The Billionaire Founder Of LinkedIn Explains How To Run A Great Startup

Linkedin Founder Reid HoffmanYouTubeLinkedin Founder Reid Hoffman

Reid Hoffman is one of the most successful entrepreneurs in Silicon Valley.

He’s the founder of Linkedin, the largest professional social network worth around $US28 billion, and a partner at the VC firm Greylock Partners.

He was also one of the early employees of PayPal, where he served as executive VP, and the co-founder of, one of the first social network startups.

He’s also a remarkable angel investor, with early investments in Facebook, Flickr, Digg, and Zynga, and other companies.

Last week, Hoffman gave a 45-minute presentation titled “How To Be A Great Founder” at Stanford, as part of the “How to Start a Startup” series by Y Combinator’s Sam Altman.

We pulled together some of the slides and Hoffman’s words explaining his wisdom.

The perception of a great founder is often this 'super-person' who's awesome at everything. Classic examples are Steve Jobs, Bill Gates, Elon Musk, Mark Zuckerberg, and Jeff Bezos.

But in reality, a founder is someone who deals with all kinds of headaches. And no one is 'universally super powered.' Instead, you hope to have just a few super powers that give you a competitive edge.

Because all of these skill sets are important to run a successful business. And in most cases, you're not good at all these things. You can't do it alone.

So generally, it's much better to have 2 or 3 cofounders rather than a solo founder. As a group, you can compensate for each other's weaknesses. It's also very important to have a high degree of trust in each other.

Location matters, too - and it doesn't always have to be Silicon Valley. You have to go to where the strongest networks are for the particular thing you're doing. For tech startups, Silicon Valley is good. But for a a lot of other things, like fashion, it's not.

It's really hard to be both contrarian AND right. He says you have to ask, 'How does a smart person actually disagree with me? What do I know that they don't know?' If there's something that you know that they don't know, and that's something that will actually play out to be true, only then is it good to be contrarian.

You always have to combine your vision with the data. And sometimes your vision can change based on the data you collect. In fact, he says, 'You don't necessarily ever end up at that big vision that you were thinking about.'

You must be both flexible and persistent. You need strong vision (persistent), but must also listen to data and pivot when needed (flexible). Ask yourself: Why do you think it is potentially a good idea? Is your confidence in your investment thesis increasing or decreasing?

But even if your confidence is decreasing, it doesn't mean you have to quit. Paypal, Linkedin, and Airbnb all had those dark moments. You have to think what needs to be done to fix the problem and that should give you your immediate action plan.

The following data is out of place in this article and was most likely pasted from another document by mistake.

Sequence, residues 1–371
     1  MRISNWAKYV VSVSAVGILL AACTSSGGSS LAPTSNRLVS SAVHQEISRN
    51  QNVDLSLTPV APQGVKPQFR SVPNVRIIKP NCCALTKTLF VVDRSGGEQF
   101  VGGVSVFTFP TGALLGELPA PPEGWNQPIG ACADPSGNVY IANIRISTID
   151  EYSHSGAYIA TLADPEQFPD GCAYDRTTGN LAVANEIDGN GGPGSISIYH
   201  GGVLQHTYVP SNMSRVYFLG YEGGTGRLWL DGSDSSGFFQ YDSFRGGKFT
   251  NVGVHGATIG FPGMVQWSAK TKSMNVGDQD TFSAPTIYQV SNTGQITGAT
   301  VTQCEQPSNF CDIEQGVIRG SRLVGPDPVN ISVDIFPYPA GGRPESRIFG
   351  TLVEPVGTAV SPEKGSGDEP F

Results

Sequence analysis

The best entrepreneurs are considered risk-takers. It's true that you have to be a risk-taker, but you have to take intelligent risks. How do you minimize other risks?

Should you focus on your long term vision or a particular near term problem? You should jump in between them. You should always have a long term vision in mind, but if you're not focused on what's immediately in front of you, you're screwed.

In the early days of Linkedin, people thought his idea was crazy. But Hoffman knew exactly how to grow it enough to prove them wrong. And he did. Also, Linkedin never had a 'rocket ship growth' moment. It grew gradually year by year.

Another question to ask: 'Should I have belief or should I have fear?' Part of being a great founder is being able hold your belief, but also being smart enough to listen to criticism and negative feedback. It's not about losing confidence, but being patient.

Do you want to focus internally (build product, ignore competitors) or externally (recruit people and gather intelligence)? Again, the answer is both. Part of what makes a great founder is the ability to be flexible across these lines.

Another quandary: Deciding when to do the work versus when to recruit people and delegate the work. Once again, you need to do both. And sometimes, you have to do both at 100%.

So in short, to be a great founder, you should have some super powers. But the most fundamental skill is recognising whether you're on track or not - 'To have that belief but also paranoia about 'Am I tracking against my investment thesis?''

And when you do that the right way, generally speaking, you end up being a great founder. Like these people.

But great founders can be very diverse, too, and not just in terms of race, age, or gender. They can be super talented in different areas, because there are different kinds of companies, with different kinds of problems to solve.

So, there's not one skill set that makes you great. You need the ability to learn and adapt, while having the vision to drive you. And if you can do that while 'crossing uneven ground in the fog,' then that's essentially what makes a great founder.

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